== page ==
It’s science: Women need time to birth—so doctors shouldn’t rush labor + delivery
We need to give labor more time to progress before intervening, says new study.
When writing birth plans, most expectant mothers don’t anticipate they will need interventions during delivery—which includes everything from hormonal induction of labor to the use of forceps to a C-section. Yet current rates for cesarean births in the United States hover around 32%, more than 20% of births are medically induced and approximately 5% of vaginal births occur with “instrumental tools.”
According to a new study, many of these birth interventions are not only unnecessary, but have long-term implications for mothers and babies.
“Women progress much slower in labor than we previously thought. For 70 years, clinicians believed the cervix should dilate by 1 cm per hour,” say the authors of a study published in the journal Birth in an analysis of the research for The Conversation. “If the cervix was slower to dilate, intervention was initiated because labor was thought to have slowed.”
Although the authors note there are certainly cases where interventions are warranted, the actual rates of intervention exceed the labor and delivery guidelines from the World Health Organization. In their analysis of nearly 500,000 healthy, low-risk births in New South Wales from 2000 and 2013, as well as follow-ups with the children in the first 28 days and five years later, the researchers found unnecessary intervention may also create unnecessary health consequences.
“Instrumental births” are tied to struggles in the first month
Babies who were born with the use of forceps or a vacuum were at the highest risk for jaundice and feeding problems, which they hypothesize is linked to the babies’ response to the bruising or bleeding often caused by these interventions.
Babies born via C-section need more hospital treatment
Compared with babies born vaginally, those who come into the world by cesarean birth are more likely to be cold and need more treatment at the hospital, which the researchers believe is because skin-to-skin recommendations are not always followed. Babies born by emergency C-section are also higher risk for metabolic disorders, such as diabetes and obesity, by the age of 5.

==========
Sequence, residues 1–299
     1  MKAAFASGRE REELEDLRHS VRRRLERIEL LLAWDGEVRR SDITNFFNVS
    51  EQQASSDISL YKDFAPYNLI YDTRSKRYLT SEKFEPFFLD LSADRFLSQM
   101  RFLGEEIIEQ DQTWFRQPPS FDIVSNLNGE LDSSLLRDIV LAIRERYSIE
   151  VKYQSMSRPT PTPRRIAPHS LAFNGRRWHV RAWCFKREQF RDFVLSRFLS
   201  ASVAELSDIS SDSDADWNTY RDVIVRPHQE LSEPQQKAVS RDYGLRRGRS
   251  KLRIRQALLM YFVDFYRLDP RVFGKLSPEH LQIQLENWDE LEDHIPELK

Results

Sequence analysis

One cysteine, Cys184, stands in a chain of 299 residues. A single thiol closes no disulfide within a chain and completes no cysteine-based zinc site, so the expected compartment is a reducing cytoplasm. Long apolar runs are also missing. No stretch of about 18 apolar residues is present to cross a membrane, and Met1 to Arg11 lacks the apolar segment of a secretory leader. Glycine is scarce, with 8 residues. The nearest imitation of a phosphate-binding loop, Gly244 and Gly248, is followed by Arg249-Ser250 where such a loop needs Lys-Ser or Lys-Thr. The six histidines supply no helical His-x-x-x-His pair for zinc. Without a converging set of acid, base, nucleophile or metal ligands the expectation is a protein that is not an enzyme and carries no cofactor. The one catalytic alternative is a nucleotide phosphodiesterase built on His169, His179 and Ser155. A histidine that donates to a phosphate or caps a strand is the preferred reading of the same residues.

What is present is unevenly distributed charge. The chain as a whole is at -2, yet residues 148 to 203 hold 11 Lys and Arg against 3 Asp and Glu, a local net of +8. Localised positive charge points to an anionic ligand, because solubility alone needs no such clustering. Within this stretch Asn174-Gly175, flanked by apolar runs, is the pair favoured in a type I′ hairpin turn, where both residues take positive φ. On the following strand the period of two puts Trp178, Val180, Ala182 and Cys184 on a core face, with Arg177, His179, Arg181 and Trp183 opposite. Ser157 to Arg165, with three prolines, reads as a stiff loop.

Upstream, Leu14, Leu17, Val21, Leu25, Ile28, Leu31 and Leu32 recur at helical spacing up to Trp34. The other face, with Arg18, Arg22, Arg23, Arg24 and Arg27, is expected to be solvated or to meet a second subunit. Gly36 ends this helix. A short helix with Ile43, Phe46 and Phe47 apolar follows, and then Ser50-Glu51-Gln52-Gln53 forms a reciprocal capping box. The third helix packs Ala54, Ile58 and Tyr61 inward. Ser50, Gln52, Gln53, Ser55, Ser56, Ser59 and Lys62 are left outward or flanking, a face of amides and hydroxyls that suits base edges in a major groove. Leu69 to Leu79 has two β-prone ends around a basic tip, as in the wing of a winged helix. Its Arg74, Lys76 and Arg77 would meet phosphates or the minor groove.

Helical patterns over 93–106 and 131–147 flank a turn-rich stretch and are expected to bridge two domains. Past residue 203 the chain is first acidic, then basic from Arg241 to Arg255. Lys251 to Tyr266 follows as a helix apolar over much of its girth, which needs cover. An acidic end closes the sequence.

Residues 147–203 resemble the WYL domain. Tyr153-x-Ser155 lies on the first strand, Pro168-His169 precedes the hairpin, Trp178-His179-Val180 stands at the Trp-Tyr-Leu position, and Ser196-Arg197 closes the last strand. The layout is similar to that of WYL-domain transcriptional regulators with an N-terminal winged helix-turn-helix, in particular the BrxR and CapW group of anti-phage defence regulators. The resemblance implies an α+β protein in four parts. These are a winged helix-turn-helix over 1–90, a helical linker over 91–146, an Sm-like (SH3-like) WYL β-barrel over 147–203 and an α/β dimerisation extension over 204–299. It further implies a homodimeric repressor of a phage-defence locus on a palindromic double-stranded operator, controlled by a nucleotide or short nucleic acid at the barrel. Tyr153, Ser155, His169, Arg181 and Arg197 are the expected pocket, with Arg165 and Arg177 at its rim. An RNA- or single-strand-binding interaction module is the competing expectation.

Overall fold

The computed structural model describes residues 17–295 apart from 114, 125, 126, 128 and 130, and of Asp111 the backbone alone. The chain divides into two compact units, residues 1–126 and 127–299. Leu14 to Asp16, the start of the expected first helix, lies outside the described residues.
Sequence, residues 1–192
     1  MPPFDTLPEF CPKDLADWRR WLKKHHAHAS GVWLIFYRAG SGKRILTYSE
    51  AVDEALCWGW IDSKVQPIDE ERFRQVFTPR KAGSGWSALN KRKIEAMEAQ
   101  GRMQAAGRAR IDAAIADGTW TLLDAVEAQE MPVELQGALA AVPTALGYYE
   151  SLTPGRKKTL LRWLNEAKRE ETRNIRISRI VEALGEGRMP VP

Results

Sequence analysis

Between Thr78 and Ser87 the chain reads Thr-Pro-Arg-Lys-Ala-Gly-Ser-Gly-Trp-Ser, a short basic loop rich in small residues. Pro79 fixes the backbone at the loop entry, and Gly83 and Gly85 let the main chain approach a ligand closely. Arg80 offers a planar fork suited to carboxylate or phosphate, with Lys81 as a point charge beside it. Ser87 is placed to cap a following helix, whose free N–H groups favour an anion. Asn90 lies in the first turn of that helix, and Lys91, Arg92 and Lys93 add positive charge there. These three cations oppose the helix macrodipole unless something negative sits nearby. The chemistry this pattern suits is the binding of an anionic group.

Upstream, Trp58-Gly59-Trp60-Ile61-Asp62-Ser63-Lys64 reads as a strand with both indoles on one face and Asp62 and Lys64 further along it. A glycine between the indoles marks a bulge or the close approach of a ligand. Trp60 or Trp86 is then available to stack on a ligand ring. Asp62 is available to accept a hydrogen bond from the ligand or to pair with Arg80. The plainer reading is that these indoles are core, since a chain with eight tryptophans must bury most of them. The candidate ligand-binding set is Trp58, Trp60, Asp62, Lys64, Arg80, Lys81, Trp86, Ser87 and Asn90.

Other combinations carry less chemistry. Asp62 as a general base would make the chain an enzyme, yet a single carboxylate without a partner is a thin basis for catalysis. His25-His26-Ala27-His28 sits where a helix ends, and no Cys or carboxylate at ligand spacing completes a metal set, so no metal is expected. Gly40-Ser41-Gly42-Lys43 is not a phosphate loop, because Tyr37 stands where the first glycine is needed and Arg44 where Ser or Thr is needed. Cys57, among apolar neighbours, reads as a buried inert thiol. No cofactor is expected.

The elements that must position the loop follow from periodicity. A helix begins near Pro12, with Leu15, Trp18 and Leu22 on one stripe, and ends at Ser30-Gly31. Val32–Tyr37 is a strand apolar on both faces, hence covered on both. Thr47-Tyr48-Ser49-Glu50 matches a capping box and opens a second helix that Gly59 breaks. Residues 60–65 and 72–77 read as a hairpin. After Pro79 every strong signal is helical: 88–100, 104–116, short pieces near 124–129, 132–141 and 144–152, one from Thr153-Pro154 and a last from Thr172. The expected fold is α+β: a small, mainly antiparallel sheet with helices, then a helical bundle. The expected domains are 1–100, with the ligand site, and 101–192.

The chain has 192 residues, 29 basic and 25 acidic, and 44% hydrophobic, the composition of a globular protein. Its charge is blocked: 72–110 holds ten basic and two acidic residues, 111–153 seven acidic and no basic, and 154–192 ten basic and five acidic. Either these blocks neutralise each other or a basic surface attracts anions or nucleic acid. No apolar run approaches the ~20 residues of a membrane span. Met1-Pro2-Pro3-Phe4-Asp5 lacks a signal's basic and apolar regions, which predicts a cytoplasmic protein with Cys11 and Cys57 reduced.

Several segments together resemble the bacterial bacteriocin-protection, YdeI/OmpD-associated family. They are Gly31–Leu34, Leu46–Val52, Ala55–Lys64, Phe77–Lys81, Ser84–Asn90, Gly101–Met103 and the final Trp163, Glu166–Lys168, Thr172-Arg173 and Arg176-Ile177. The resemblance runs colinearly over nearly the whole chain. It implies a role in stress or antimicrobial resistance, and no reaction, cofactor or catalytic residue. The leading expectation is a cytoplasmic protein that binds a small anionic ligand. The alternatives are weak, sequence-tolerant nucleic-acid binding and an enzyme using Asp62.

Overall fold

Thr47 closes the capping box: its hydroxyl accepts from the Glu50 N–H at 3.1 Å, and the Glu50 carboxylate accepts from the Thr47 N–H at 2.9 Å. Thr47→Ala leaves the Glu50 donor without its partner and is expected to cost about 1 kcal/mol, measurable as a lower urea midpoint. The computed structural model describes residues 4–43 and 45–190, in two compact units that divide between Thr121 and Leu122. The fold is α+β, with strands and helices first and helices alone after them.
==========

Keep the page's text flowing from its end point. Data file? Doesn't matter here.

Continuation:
All birth interventions create higher risks for some health struggles
Compared with babies born by spontaneous vaginal delivery, babies born with some intervention were at higher risk for respiratory infections, metabolic disorders and eczema. Researchers believe this may be because “vaginal birth provides an important opportunity to pass gut bacteria from mother to baby to produce a healthy microbiome and protect us from illness.”
What can we do to lessen the rates of interventions?
For medical providers, the authors of the study say they hope the takeaways will be to give labor more time to progress naturally and to ditch continuous electronic monitoring (CTG) in favor of regular, hand-held monitors for low-risk women. They say, “Continuous monitoring increases intervention rates for low-risk women and healthy babies without improving outcomes for babies.”
Another way to improve outcomes is to create systems that allow mothers to have continuity of care—meaning they see one medical provider through pregnancy, birth and postnatal periods.
For women, preparing to give birth can feel daunting enough, but it’s important to remember that these are our experiences. If you feel strongly about avoiding interventions, make sure your medical providers and birth support team knows your preferences ahead of time so they can advocate for you.
But also remember that while interventions may not be preferable, they represent just one moment in your baby’s life. And while the birth story does matter, the life story matters much more.
You might also like:
- 13 things that surprised me about having a C-section
- A new way to give birth: The gentle C-section with clear drapes
- I learned how strong I really am when my birth plan went out the window—twice